News

'They Will Have To Kill Us First: Malian Music In Exile' Is Now Playing In Theaters

Photos from the U.S. premiere of 'They Will Have To Kill Us First: Malian Music In Exile,' now playing in theaters.

They Will Have To Kill Us First: Malian Music In Exile is in theaters today. Johanna Schwartz’s masterpiece of a documentary follows a group of Malian musicians and their fight to continue their life’s work in the face of Islamic extremists, who in 2012 imposed sharia law over a large swath of northern Mali and with it a ban on music.


The musicians we meet risk their lives to keep Mali’s musical tradition in tact.

There’s the four young men who make up Songhoy Blues, the sensational ‘desert punk and blues’ band that made history last year as the first African band signed to Atlantic Records since 1972.

The beloved “Nightingale of the North” Khaira Arby is a living legend who worked tirelessly to put on the first public concert in her hometown, Timbuktu, since the ban on music.

Fadimata 'Disco' Walet Oumar is a renowned singer who advocates for the Tuareg women of refugee camps in Burkina Faso.

We see the heartwrenching story of Tuareg guitarist Moussa Sidi and his return home from exile.

It’s an absolute honor to say Okayafrica is an executive producer on They Will Have To Kill Us First. Yesterday, we rang in the film’s release on Music Freedom Day with a special screening, Q&A, performance and all-around party at New York City’s NeueHouse. Songhoy Blues brought the house down and were joined on stage by their collaborator, Yeah Yeah YeahsNick Zinner, who did the film's original score. Malik Yoba, Julian Casablancas and Kim Cattrall were also in attendance.

Check out photos from the film's U.S. premiere in the gallery above.

'They Will Have To Kill Us First: Malian Music In Exile,' released by BBC Worldwide North America, is now playing at Village East Cinema in New York City. Tickets can be purchased here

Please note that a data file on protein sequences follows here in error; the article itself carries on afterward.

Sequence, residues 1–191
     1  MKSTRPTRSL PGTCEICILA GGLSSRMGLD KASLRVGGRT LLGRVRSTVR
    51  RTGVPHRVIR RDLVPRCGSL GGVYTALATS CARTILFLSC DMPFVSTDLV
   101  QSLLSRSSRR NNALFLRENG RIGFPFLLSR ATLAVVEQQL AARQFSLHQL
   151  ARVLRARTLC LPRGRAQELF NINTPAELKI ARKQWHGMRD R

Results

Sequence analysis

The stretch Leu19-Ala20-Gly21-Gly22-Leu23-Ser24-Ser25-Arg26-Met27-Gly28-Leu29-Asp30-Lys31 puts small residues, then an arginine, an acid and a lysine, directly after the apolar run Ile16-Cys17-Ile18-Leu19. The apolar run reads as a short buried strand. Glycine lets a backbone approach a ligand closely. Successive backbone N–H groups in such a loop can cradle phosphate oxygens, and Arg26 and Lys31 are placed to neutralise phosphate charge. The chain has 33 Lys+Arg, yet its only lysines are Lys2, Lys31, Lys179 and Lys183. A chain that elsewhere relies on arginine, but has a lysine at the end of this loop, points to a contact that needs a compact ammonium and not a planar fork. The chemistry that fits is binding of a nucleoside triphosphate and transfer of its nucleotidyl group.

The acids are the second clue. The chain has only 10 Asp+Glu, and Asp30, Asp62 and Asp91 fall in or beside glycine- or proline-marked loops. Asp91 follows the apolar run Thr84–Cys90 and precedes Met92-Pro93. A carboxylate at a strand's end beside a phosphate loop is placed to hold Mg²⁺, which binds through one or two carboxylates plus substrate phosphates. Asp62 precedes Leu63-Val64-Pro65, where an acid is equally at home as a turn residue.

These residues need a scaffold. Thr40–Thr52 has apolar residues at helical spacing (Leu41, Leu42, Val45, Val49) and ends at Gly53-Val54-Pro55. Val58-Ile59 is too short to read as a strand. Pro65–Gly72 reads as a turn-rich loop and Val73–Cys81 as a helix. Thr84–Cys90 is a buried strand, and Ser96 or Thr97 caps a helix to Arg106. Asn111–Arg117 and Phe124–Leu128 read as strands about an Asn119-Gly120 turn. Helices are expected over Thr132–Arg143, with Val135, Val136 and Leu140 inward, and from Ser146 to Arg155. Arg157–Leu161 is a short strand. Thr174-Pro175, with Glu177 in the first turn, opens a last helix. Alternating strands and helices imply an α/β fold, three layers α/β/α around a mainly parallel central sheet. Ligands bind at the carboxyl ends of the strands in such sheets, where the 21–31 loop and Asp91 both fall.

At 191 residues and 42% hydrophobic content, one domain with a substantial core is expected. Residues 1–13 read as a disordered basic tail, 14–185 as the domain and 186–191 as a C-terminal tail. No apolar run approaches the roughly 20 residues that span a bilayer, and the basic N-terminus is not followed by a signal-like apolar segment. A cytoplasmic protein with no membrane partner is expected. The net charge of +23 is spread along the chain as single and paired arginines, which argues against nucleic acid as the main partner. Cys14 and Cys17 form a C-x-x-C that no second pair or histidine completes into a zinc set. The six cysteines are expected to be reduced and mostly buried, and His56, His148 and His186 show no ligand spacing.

Interview

Sarkodie Is Not Feeling Any Pressure

The elite Ghanaian rapper affirms his king status with this seventh studio album, No Pressure.

Sarkodie is one of the most successful African rappers of all time. With over ten years of industry presence under his belt, there's no question about his prowess or skin in the game. Not only is he a pioneer of African hip-hop, he's also the most decorated African rapper, having received over 100 awards from close to 200 nominations over the span of his career.

What else does Sarkodie have to prove? For someone who has reached and stayed at the pinnacle of hip-hop for more than a decade, he's done it all. But despite that, he's still embracing new growth. One can tell just by listening to his latest album, No Pressure, Sarkodie's seventh studio album, and the follow-up to 2019's Black Love which brought us some of the Ghanaian star's best music so far. King Sark may be as big as it gets, but the scope of his music is still evolving.

Sonically, No Pressure is predominantly hip-hop, with the first ten tracks offering different blends of rap topped off with a handful of afrobeats and, finally, being crowned at the end with a gospel hip-hop cut featuring Ghanaian singer MOG. As far as the features go, Sark is known for collaborating mostly with his African peers but this time around he branches out further to feature a number of guests from around the world. Wale, Vic Mensa, and Giggs, the crème de la crème of rap in America and the UK respectively all make appearances, as well as Nigeria's Oxlade, South Africa's Cassper Nyovest, and his fellow Ghanaian artists Darkovibes and Kwesi Arthur.

Keep reading... Show less

get okayafrica in your inbox

popular.

The 7 Best Nigerian Songs of the Month (July)

Featuring Olamide, Lady Donli, Omah Lay, Adekunle Gold, Falz and more.